#2399 "Peggy's Cove Memories"


I was behind the camera on this Maritime memory. We frequently had company visiting us in Nova Scotia when I was first posted to Canadian Forces Base Shearwater, CYAW with the Atmospheric Environment Service. Peggy's Cove was and is always a great place to go. I have painted these boats many times before. The red boat had a white super structure in 1985 instead of turquoise as I had painted it earlier in 1979. There is a lot of history in this tiny cove. 

Peggy's Cove, Nova Scotia
According to legend, Peggy's Cove was named after the only survivor of a schooner that ran aground on Halibut Rock and sank in the mid 1800's. The woman was named Margaret. My acquaintance artist and cove resident William deGarthe said that the survivor was a young woman while others claim she was a little girl too young to remember her name and the family who adopted her called her Peggy. The young shipwreck survivor married a resident of the cove and became known as "Peggy of the Cove". Visitors from around the bay eventually named the village Peggy's Cove, after her nickname. 

Another version of the story behind the name goes back much further though and more than a hundred years before Canada. Apparently the first recorded name of the cove in 1766 was Eastern Point Harbour or Peggs Harbour. The village is likely named after Saint Margaret's Bay and Peggy is the preferred nickname for Margaret. Samuel de Champlain had named the large bay after his mother Marguerite Le Roy. 

The village was founded in 1811 when the Province of Nova Scotia issued a land grant of more than 800 acres to six families of German descent. The settlers relied on fishing as the mainstay of their economy but also farmed where the soil was fertile. They used the surrounding lands to pasture cattle. In the early 1900s the population peaked at about 300. The community supported a schoolhouse, church, general store, lobster cannery and boats of all sizes that were nestled in the cove. As roads improved, the number of tourists increased. Today the population is smaller but Peggy's Cove remains an active fishing village and a favourite tourist destination.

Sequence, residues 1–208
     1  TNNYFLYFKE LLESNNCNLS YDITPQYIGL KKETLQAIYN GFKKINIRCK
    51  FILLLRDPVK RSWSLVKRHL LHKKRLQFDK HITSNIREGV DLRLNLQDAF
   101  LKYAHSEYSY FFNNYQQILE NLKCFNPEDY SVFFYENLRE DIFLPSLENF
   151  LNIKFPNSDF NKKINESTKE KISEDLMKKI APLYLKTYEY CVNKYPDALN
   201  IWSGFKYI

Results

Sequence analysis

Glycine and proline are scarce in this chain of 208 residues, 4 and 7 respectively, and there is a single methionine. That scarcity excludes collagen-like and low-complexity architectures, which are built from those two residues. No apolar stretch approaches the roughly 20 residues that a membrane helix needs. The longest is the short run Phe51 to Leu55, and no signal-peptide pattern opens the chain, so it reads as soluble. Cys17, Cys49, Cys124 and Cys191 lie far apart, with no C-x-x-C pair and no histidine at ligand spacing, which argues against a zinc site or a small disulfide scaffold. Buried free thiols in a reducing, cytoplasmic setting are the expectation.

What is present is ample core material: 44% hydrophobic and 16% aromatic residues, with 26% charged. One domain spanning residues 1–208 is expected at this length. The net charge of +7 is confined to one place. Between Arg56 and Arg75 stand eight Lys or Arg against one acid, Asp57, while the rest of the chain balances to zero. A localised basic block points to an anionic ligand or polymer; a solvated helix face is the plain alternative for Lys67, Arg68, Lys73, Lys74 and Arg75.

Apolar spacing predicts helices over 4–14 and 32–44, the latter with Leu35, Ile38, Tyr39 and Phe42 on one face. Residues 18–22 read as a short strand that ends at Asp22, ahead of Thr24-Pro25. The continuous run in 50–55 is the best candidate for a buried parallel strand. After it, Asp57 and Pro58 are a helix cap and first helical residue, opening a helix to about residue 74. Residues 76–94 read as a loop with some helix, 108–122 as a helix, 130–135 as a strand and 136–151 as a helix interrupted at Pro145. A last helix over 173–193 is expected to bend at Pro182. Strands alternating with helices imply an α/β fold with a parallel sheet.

The original lighthouse was built in 1868. Exactly 100 years later, in 1968 the Campbell family opened the Sou'Wester Restaurant. 

We arrived in Nova Scotia 1977 as I started my career as a meteorologist. Nuclear physics was fun but Three Mile Island had cast a pall over nuclear energy. I had always been excited by the environment and hoped I could make a difference in the science. Nova Scotia was a terrific place to learn about the weather and meteorology. We frequently travelled Route 333 to the Sou'Wester Restaurant especially when the weather was forecast to be really nasty. We could bring some business to the quiet dining room and watch the surf break up to the lighthouse. Everyone had a good day and I would often find painting material. 

Looking northeast across Peggy's Cove 1985
We loved touring the beautiful province and it was a challenge to leave the Maritimes to follow my career. It was important to learn about the other weather regimes of Canada and that required some moving around. It was also important to paint something other than Peggy's Cove. 

This was a commission for my wife and I selected the finest canvas that I had to paint on. It brings back a lot of very fine memories. 

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Wednesday, October 21, 2020

#2398 "Searching for Franklin"


This is the treed shore of Franklin Island in the Parry Sound Archipelago. The forest was thick right down to the edge of the water. It would be challenging to find anyone in that forest even though it was on an island. It was hard to find the island for the trees...